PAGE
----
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Are we on the road to civilisation collapse?

Are we on the road to civilisation collapse? thumbnail

Great civilisations are not murdered. Instead, they take their own lives.

So concluded the historian Arnold Toynbee in his 12-volume magnum opus A Study of History. It was an exploration of the rise and fall of 28 different civilisations.

He was right in some respects: civilisations are often responsible for their own decline. However, their self-destruction is usually assisted.

The Roman Empire, for example, was the victim of many ills including overexpansion, climatic change, environmental degradation and poor leadership. But it was also brought to its knees when Rome was sacked by the Visigoths in 410 and the Vandals in 455.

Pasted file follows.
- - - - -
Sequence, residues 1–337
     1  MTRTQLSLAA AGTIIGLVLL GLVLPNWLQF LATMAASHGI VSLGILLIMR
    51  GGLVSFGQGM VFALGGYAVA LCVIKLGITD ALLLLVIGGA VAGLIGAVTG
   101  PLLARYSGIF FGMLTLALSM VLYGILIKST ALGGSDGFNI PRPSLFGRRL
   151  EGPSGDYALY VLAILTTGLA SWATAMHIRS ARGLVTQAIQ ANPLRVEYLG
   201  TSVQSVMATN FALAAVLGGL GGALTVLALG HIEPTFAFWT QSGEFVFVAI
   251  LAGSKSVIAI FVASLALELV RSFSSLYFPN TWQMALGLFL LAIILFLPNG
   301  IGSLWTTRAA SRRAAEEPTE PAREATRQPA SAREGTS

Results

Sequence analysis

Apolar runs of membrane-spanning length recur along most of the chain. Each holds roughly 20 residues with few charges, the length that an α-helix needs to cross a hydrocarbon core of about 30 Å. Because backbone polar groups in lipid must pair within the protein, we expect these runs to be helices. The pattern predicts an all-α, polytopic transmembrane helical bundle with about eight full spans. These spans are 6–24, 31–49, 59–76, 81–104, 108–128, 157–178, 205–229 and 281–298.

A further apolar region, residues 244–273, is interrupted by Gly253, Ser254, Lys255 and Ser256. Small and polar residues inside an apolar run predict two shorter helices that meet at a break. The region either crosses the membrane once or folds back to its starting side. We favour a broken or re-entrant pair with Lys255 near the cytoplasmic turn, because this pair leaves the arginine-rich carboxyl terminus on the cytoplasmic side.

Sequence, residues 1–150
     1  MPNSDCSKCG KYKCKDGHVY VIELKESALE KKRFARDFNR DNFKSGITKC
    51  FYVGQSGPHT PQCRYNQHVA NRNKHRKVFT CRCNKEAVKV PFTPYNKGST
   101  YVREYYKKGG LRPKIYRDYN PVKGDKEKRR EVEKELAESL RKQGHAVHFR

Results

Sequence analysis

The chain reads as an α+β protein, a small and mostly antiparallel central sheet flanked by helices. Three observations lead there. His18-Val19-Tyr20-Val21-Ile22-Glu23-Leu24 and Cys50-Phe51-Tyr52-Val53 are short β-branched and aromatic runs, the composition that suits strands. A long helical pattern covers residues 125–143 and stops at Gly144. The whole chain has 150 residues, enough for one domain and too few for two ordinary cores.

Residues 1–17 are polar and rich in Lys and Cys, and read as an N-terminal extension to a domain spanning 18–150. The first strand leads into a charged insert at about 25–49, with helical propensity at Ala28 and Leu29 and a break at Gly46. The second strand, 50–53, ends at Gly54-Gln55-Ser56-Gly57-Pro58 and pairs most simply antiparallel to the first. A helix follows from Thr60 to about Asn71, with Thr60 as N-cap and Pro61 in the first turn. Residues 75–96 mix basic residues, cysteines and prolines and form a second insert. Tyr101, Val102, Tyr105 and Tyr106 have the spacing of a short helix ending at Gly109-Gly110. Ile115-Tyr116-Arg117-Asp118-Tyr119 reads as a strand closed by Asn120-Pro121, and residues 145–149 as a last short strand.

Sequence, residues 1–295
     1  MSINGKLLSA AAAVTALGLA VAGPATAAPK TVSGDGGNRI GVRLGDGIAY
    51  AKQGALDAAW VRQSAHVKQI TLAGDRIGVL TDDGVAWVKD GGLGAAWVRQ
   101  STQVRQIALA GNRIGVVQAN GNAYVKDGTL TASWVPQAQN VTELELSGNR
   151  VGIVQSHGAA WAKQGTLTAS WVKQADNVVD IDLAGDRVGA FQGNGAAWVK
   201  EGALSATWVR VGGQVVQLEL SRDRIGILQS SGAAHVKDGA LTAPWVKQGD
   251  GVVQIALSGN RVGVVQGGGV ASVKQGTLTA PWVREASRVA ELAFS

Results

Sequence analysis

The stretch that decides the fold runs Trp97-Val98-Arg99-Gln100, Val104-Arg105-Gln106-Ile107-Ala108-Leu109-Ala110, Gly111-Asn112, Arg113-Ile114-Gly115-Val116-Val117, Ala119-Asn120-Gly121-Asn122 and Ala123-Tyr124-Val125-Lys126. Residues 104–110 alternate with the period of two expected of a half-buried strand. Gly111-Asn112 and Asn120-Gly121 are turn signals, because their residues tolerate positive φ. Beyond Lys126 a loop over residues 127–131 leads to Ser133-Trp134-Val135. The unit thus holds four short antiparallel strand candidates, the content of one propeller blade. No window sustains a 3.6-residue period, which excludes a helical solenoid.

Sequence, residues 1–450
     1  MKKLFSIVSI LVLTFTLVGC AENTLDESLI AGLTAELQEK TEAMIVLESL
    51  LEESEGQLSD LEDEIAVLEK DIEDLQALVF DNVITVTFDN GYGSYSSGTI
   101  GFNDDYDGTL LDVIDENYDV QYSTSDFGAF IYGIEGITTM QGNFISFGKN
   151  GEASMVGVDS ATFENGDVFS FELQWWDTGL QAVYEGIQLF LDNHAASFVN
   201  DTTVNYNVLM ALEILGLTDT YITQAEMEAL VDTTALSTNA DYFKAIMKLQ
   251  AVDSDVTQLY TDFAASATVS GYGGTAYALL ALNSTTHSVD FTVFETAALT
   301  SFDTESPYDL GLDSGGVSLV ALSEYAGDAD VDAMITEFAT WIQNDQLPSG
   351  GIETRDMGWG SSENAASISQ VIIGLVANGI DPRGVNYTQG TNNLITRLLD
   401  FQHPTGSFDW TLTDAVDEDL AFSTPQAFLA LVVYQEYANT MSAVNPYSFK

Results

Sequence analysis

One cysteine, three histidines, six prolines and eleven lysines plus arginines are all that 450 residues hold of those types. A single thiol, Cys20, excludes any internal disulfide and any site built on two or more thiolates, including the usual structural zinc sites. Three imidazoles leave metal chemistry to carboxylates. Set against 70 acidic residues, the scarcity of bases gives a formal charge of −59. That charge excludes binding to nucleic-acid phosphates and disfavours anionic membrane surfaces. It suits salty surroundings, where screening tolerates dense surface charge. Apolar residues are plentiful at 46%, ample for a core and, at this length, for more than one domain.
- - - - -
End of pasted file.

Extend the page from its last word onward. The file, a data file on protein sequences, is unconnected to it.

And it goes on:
Collapse is often quick and greatness provides no immunity. The Roman Empire covered 4.4 million sq km (1.9 million sq miles) in 390. Five years later, it had plummeted to 2 million sq km (770,000 sq miles). By 476, the empire’s reach was zero.

Our deep past is marked by recurring failure. As part of my research at the Centre for the Study of Existential Risk at the University of Cambridge, I am attempting to find out why collapse occurs through a historical autopsy. What can the rise and fall of historic civilisations tell us about our own? What are the forces that precipitate or delay a collapse? And do we see similar patterns today?

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The first way to look at past civilisations is to compare their longevity. This can be difficult, because there is no strict definition of civilisation, nor an overarching database of their births and deaths.